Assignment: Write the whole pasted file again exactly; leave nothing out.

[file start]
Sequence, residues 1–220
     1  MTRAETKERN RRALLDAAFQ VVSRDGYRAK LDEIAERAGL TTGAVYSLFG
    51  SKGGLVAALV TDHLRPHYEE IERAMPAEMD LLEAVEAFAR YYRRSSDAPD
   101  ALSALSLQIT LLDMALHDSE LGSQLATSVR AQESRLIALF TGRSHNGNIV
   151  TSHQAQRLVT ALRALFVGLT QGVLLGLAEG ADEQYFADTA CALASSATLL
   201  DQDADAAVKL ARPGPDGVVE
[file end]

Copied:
Sequence, residues 1–220
     1  MTRAETKERN RRALLDAAFQ VVSRDGYRAK LDEIAERAGL TTGAVYSLFG
    51  SKGGLVAALV TDHLRPHYEE IERAMPAEMD LLEAVEAFAR YYRRSSDAPD
   101  ALSALSLQIT LLDMALHDSE LGSQLATSVR AQESRLIALF TGRSHNGNIV
   151  TSHQAQRLVT ALRALFVGLT QGVLLGLAEG ADEQYFADTA CALASSATLL
   201  DQDADAAVKL ARPGPDGVVE